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Migrating from AWS to AWS (instagram-engineering.tumblr.com)
206 points by mikeyk on Oct 23, 2014 | hide | past | favorite | 15 comments

We just migrated over to VPC as well, and came across a really weird "bug".

We auto-scale EC2, and randomly when auto-scaling, the new server couldn't connect to memcache (ElastiCache). Note that when you migrate over to VPC you have to migrate everything -- launch new ElastiCache servers in VPC, EC2 servers, RDS servers, etc.

Back to the bug.. I'd ssh into the EC2 server, and when I telnetted to memcache, it wouldn't connect. I terminated the EC2 server, and a new server comes up and can connect fine. I made a forum post in AWS forums and got zero responses. We then bought into AWS support and I submitted a ticket.

The problem: I launched my ElastiCache servers in the same subnet as my EC2 servers. Apparently the ElastiCache servers by default remembers servers in the same subnet by Mac address. Since we were cycling EC2 servers, eventually we'd get one with the same Mac address but new internal IP address, and I'm no networking guy but apparently this caused a routing problem.

Solution: create a new subnet and launch all the ElastiCache servers in that subnet. I did that, and it fixed the problem. The AWS support rep said if the ElastiCache servers are launched in their own subnet it will force them to go by IP instead of Mac address.

Anyway, hope this helps someone out ;)

I will make sure that this gets to the ElastiCache team! Please feel free to send more info my way; my email address can be found in my profile.

This sounds like arp cache. And can be "fixed" by arping (forced arp responses without a who has)

Yup, EC2 instances should be issuing a gratuitous arp on startup. I've seen the same thing on subnets with a lot of DHCP churn due to constantly rebooting embedded devices.

Pretty much textbook symptoms of arp-caching.

eventually we'd get one with the same Mac address but new internal IP address

This sounds like an EC2 bug, not an ElastiCache bug. EC2 uses "locally administered addresses" for MACs (as it should), but the administrator assigning MAC addresses is responsible for ensuring that addresses are not reused within a collision domain.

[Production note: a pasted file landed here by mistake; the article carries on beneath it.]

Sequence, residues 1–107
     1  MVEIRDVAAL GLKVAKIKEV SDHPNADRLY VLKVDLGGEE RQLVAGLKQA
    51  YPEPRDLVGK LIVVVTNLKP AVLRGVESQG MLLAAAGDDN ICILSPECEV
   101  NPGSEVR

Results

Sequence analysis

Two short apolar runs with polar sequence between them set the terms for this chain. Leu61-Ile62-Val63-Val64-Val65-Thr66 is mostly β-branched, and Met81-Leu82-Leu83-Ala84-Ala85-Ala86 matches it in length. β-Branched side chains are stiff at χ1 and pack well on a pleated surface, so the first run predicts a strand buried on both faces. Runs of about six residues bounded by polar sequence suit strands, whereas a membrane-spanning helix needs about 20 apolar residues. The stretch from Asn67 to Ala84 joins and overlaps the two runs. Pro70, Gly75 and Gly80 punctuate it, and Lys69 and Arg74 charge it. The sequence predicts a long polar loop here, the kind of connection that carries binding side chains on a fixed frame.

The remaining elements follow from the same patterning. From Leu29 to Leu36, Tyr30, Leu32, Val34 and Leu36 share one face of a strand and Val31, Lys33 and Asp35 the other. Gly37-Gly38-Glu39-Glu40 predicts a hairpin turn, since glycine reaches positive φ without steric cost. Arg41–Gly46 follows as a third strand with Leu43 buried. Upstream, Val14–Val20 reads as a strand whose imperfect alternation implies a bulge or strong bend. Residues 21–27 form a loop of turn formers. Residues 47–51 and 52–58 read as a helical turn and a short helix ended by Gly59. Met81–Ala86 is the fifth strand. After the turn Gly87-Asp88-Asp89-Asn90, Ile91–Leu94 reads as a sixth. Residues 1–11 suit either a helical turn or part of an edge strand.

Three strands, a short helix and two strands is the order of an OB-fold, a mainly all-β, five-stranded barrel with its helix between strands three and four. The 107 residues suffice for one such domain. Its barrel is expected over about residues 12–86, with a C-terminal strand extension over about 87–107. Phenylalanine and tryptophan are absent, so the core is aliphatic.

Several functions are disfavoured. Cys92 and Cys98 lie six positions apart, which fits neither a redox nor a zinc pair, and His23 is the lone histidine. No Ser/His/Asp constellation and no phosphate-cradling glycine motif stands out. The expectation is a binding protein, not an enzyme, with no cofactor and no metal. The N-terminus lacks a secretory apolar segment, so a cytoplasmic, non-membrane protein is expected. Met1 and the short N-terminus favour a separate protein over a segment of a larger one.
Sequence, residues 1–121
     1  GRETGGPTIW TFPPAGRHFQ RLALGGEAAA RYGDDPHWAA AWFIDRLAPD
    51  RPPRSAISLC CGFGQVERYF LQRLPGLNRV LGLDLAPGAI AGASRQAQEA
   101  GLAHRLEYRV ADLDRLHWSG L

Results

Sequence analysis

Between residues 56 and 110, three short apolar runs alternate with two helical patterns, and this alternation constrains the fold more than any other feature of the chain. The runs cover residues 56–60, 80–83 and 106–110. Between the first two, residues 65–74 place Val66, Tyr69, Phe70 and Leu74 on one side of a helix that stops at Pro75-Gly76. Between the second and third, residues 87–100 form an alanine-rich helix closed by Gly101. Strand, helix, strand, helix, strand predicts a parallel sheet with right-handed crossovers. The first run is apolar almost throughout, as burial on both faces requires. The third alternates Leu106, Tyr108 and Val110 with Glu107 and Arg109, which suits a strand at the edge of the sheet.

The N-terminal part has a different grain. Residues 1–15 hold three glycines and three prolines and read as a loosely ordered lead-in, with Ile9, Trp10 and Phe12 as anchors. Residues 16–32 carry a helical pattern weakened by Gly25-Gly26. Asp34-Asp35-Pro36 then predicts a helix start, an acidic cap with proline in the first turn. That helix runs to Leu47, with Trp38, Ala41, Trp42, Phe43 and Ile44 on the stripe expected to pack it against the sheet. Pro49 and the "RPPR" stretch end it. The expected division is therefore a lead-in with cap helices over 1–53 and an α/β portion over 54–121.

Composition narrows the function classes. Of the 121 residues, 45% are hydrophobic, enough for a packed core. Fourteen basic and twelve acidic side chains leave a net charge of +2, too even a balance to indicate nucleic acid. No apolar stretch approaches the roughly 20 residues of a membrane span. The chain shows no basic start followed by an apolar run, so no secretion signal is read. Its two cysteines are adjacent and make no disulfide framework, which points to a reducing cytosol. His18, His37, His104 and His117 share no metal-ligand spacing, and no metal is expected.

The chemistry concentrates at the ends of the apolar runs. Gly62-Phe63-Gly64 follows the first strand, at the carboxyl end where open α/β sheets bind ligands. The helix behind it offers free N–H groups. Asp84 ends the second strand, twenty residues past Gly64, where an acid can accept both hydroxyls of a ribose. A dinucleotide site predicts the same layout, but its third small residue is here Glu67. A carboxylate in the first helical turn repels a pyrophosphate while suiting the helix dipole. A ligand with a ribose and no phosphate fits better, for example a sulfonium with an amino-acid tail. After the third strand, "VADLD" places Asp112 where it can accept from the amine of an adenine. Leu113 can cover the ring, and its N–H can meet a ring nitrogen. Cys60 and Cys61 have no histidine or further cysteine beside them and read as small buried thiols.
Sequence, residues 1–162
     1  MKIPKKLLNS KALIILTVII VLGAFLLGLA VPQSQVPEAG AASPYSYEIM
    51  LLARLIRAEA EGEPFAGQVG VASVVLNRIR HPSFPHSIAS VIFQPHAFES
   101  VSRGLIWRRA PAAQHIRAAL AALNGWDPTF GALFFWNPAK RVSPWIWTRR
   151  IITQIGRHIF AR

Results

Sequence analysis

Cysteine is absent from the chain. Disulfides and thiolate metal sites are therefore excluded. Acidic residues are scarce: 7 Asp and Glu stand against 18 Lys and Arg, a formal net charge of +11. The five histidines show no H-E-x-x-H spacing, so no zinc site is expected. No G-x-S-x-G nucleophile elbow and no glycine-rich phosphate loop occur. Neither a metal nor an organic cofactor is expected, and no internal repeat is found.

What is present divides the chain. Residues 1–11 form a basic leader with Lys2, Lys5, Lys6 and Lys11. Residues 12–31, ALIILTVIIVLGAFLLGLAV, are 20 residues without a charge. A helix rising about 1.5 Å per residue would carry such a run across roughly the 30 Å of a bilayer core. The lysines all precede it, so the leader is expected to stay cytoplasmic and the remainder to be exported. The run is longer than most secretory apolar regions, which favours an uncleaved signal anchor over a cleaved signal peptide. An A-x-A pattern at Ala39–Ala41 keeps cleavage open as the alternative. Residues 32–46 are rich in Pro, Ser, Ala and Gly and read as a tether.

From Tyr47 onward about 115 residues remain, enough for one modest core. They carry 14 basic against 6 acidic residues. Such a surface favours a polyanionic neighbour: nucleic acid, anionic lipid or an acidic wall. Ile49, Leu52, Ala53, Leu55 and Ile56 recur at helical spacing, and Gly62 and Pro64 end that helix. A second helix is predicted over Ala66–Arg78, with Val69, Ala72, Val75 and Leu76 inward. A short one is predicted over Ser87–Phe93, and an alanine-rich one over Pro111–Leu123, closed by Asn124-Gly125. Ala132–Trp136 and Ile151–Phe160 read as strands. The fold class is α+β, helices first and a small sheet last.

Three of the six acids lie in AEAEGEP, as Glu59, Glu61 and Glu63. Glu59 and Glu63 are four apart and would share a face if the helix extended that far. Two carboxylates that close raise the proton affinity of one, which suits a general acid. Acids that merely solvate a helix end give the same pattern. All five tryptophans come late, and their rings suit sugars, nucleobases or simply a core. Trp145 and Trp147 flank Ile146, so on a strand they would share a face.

We also migrated a while back (opbeat.com). While we run a smaller setup, I imagine that might be the case for most readers. We run a pretty standard setup with ELB, Postgres (master/replica), webservers and job processing servers.

This recipe details what we did (as i recall it):

  1) Prerequisites: Running at least two of everything in
     separate AZs and expertise (or courage) to fail over
     to a replica DB.
  2) Boot up instances of everything in the VPC
  3) Set up a new ELB inside the VPC, add the web servers inside to the ELB
  4) Make sure your instances inside the VPC can talk to
     which ever service they need outside (replica database
     and web servers needs to reach master outside +
     memcached). Use `telnet` to make absolutely sure :)
  5) Make sure web and job servers can reach the
     replica db and memcached inside
  6) Test out the new VPC ELB from outside
  7) Switch DNS over to the new VPC ELB, wait for it to
  8) Do a failover from your master to the replica inside.
  9) Same for memcached
  10) Shutdown everything in EC2 classic.
  11) Drinks
EDIT: formatting

I'm used to AWS pricing but I'm still a little fuzzy on how AWS VPC pricing works.

It is $0.05 per VPN Connection-hour. But in this context what is a "VPN connection?" Do you literally just set up your cloud for "free" (aside from paying for instances, etc) and then only pay $0.05 for every hour you spend connected to the private cloud externally?

Does the VPC have any external visibility aside from the VPN connections? And if it does, what is stopping you just setting up your own VPN server and bypassing the $0.05/hour rate?

VPC is free (and actually, new AWS accounts launch instances by default into a default VPC Amazon sets up for you).

The $0.05 per VPN Connection-hour is only if you want to connect your own network to your VPC. http://docs.aws.amazon.com/AmazonVPC/latest/UserGuide/VPC_VP...

> Does the VPC have any external visibility aside from the VPN connections? And if it does, what is stopping you just setting up your own VPN server and bypassing the $0.05/hour rate?

Some do that, but the ~$30/month you're saving is likely eaten up by the cost of setting up and managing it and the software VPN instance you have to run.

One would assume the VPN also has a higher network throughput then any instance under $30.

VPC instance pricing is the same as EC2 pricing. The VPN pricing is if you want to setup a VPN between your office (or some other location) and your VPC.

This has to be pretty high up the list of "Most creative uses of Zookeeper". I'm really impressed with the ingenuity involved with building such a glorious hack.

The details of the migration are juicy and it's probably a good idea to do it anyway, but I can't stop thinking that the initial stumbling block (clashing of private IP addresses) wouldn't have happened with IPv6.

Is Instagram still using a modified version of Django 1.1 (if I recall that was the version they were on) or do they stay on the newest version now?


Dogfoodin' it to the extreme

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